Bees for Agriculture

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Danny Brewer improved his operation with pollinators  Danny Brewer from Van Buren, Ark; was introduced to the idea of beekeeping in 2011, but it wasn’t...

Small Steps Toward a Goal

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After retiring from the military, Jan Farmer began Willowbrook Farms For Jan Farmer, owner of Willowbrook Farms just outside of Searcy, Ark., getting a farm...

Building a Future at Heritage Acres

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Couple says they were always drawn to farming Californaians Jim Isbell and Karen Spinner moved to Fayetteville, Ark., in 2012 while retaining their California jobs....

No Staggering Cattle

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Winter forage quality can effect the health of a herd by limiting the source of feeding, especially if the mineral content of the forage is unknown. Supplementation is required when tested forage lack in essential macrominerals. Lacking in the required macrominerals can cause a metabolic disorder in cattle known as grass tetany or grass staggers. With the cold season already in full force, ranchers and farmers alike do not expect winter tetany, which can pose a problem for them if they are not aware. The low-yielding cows or negative energy cows that milk entirely off of grass are prone to tetany. The metabolic disorder also occurs from lush forages, alfalfa or annual cereal forages.

From Grass to Nutrition

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Allen and Donna Shumate of Elkins, Ark., run a 3-year-old grass-fed commercial beef operation on nearly 1,000 acres of combined owned, shared and leased land. They have three registered Angus bulls and 80 mixed mommas with the goal of gradually increasing the herd to 100 mommas with 175 calves growing from weaning to butchering at all times.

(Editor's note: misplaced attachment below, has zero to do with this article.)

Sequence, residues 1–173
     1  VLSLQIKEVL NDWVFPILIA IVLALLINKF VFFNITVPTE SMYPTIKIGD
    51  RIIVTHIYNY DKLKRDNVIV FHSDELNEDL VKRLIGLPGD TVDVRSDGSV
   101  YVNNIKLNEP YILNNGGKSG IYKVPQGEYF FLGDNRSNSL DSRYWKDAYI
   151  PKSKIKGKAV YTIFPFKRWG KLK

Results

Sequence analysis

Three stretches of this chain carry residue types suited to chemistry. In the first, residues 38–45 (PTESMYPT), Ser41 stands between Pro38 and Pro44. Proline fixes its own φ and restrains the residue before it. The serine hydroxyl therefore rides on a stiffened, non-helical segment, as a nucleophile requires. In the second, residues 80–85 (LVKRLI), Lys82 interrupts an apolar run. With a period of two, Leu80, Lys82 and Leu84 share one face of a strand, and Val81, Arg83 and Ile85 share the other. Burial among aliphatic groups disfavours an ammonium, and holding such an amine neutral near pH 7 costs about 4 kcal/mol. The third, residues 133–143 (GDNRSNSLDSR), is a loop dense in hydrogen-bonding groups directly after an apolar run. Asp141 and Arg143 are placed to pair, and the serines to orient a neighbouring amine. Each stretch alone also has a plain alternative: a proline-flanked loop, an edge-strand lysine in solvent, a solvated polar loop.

Cheering on the Bulls

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Kyle Kilgore is a rising star in the rodeo stock contractor world – and he’s only 17.

Engineering and Farming

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The Cluck family combines a cow/calf and feeder cattle operation Jeff Cluck of Cedarville, Ark., may not have known where he was going one day...

Wranglers and Anglers

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East of Tulsa, Okla., on Hwy 412, one can certainly tell where the farming life begins. It is almost instantly innocuous. No whirling sounds of emergency vehicles, no threats of crime and an immediate realization of a population decrease. North off of Hwy 412 outside of Inola, Okla., the winding road eventually turned into a one lane road, hovered trees and plentiful wildlife with an amazing stretch of a panoramic view of the Moore’s Fish Farm.

‘Crazy’ for Chickens

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Backyard flock provides endless opportunities for fourth grader Growing up in rural Delaware County, Okla., Susie Niehus watched as her toddler son became enamored with...

Adapting to Maintain Quality

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The Collins Farms, located in Van Buren County, just outside Scotland, Ark., is home to Richard Collins and his 19-year-old son Shane. His dad Richard Sr. still lives in the house Richard grew up in, just about a mile from Scotland in the opposite direction. Richard’s family is most important to him. Every Sunday after church is family time where they meet at the Collins' home and have a meal together. Richard said, “You can find me sitting right here (meaning on the sofa) holding my first grandbaby, who is nine weeks old.” The mother is his 27-year-old daughter, Shannon Baker, who is a teacher.

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